However, Abraham responded in faith but took along his father, Terah, and his nephew, Lot; and they settled in Haran rather than Canaan as God had instructed. Abraham did not get to Canaan until after the death of his father (Gen 11:31, 32; 12:1; Acts7: 2-4). Here we observe the danger and encumbrance of undue family ties while responding to the call of God. Except our relatives have personal encounter with, they will constitute a burden to us in the walk of faith. Truly, Abraham went out of his country as God instructed, but he took his kindred along with him.
Aside from Terah tying him down to Haran, Lot became a source of distraction later on. After the death of his father, Abraham finally moved to Canaan and his faith was tested in many ways. The first challenge was that he did not meet the land vacant.
The Canaanites, who were renowned for their cruelty and idolatry, were on ground. But God reassured him that his descendants would inherit the land. Abraham responded in faith by building an altar unto the Lord.
Shortly after his arrival, there was a famine in the land and he relocated to Egypt. As it turned out, the move was a carnal step. Abraham felt insecure because his wife, Sarah, was a good looking and he anticipated that the lustful Egyptians might kill him in order to have her. Afraid for his life, he instructed Sarah to pretend to be his sister and not his wife. Abraham fear of being killed was unfounded because the Lord has promised to give his descendants the land of Canaan, and that the whole earth would be blessed through his seed. Standing on God’s promises, he should have believed that he would not die without a child. But fear is the greatest enemy of faith. Fear of imaginary danger pushed Abraham to lie about his marriage, though Sarah was truly his half-sister (Genesis 20:21).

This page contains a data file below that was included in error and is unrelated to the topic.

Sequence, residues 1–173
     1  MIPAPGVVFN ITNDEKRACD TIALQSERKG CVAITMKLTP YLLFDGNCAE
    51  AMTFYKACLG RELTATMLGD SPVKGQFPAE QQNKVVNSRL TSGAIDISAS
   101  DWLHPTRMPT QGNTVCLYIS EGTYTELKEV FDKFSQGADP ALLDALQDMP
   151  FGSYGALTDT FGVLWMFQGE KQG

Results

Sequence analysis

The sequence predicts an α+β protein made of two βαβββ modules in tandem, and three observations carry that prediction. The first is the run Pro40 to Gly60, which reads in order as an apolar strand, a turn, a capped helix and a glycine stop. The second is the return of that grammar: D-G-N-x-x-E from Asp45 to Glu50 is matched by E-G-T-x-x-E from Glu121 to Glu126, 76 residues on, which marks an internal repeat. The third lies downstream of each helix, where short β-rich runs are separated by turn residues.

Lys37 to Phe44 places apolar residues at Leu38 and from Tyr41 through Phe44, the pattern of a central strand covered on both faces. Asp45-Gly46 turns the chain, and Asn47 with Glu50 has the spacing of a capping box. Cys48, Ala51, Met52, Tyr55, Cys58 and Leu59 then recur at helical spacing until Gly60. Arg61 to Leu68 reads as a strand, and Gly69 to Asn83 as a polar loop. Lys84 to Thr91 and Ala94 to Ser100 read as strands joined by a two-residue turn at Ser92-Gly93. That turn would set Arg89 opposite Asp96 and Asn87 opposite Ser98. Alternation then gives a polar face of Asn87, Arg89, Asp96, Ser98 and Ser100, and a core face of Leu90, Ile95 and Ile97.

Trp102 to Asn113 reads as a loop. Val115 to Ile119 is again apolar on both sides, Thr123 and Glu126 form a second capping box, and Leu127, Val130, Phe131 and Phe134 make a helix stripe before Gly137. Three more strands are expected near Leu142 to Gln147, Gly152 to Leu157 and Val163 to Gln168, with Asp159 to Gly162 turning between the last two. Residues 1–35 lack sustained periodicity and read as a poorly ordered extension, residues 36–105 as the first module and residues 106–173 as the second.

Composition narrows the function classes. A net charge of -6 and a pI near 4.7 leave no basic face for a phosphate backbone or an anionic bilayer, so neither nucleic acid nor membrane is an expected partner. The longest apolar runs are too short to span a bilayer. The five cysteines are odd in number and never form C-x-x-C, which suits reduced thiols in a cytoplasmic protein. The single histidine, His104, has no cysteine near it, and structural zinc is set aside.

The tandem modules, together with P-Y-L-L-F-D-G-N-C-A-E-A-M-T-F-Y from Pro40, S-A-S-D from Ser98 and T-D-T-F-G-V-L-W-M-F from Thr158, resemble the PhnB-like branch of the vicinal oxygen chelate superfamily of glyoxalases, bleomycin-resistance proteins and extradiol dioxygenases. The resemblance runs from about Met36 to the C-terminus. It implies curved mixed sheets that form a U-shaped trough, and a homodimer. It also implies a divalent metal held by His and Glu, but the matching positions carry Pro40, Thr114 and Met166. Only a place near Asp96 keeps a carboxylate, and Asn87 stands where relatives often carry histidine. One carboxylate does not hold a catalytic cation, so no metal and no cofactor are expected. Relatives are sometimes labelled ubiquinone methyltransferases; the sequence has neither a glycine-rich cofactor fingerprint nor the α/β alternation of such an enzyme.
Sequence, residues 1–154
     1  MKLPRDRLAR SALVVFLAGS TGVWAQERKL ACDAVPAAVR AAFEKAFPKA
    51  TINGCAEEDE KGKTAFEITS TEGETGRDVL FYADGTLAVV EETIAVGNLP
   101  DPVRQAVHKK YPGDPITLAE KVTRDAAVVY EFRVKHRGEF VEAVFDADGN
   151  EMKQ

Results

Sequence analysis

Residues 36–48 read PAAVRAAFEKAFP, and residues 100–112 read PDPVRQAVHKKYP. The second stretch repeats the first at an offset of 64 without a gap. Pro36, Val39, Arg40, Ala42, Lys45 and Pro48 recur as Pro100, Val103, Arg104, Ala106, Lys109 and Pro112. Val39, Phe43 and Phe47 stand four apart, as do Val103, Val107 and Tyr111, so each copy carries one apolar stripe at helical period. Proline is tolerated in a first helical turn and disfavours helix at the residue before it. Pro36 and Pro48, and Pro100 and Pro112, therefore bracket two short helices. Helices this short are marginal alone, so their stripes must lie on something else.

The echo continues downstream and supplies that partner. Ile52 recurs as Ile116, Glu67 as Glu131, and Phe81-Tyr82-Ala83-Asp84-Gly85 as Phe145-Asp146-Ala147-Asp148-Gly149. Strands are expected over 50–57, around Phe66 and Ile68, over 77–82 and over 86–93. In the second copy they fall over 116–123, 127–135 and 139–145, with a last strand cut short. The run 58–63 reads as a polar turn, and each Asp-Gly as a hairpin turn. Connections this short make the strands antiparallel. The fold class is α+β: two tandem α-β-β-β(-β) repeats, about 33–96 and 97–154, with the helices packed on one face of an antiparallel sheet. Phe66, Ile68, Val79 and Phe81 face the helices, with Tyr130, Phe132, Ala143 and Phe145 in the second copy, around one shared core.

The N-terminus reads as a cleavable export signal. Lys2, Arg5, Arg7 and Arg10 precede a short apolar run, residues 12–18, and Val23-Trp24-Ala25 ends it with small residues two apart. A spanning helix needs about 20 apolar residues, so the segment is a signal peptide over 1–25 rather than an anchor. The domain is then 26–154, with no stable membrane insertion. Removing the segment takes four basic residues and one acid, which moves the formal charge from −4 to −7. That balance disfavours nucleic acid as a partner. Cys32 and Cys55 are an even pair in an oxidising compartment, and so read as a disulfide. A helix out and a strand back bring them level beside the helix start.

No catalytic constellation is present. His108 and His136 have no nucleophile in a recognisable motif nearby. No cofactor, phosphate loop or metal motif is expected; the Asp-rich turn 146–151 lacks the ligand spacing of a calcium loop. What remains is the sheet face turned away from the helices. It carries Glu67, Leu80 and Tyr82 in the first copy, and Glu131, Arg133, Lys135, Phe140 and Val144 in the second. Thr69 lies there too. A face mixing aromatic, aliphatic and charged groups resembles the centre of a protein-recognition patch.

God condemns lying and deception. ’He that worketh deceit shall not dwell within my house: he that telleth lies shall not tarry in my sight’’ (Psalm 101:7). “A false witness shall not be unpunished…and he that speaketh lies shall not escape’’ (Prov 19:5, 9). Christians should not tell lies for any reason. The carnality of Abraham exposed Sarah to the danger of being defiled by Pharaoh, who took her. It brought avoidable suffering to Pharaoh’s entire household, and caused the heathen king to rebuke Abraham, the man of faith. It also dented the integrity of Abraham.
Though he reaped great material benefits from the trip to Egypt, it affected his testimony badly, The exposure to Egypt left an indelible mark on Lot’s mind so much that Egypt became a reference point, comparable to Eden in the estimation (Gen 13:10,11). Then, most likely, it was on this trip to Egypt that Abraham picked up Hagar, the bondwoman who later causes much trouble in his household. But God, in his faithfulness, helped Abraham in this moment of weakness. He protected Sarah and ensured Abraham went back with her to Canaan.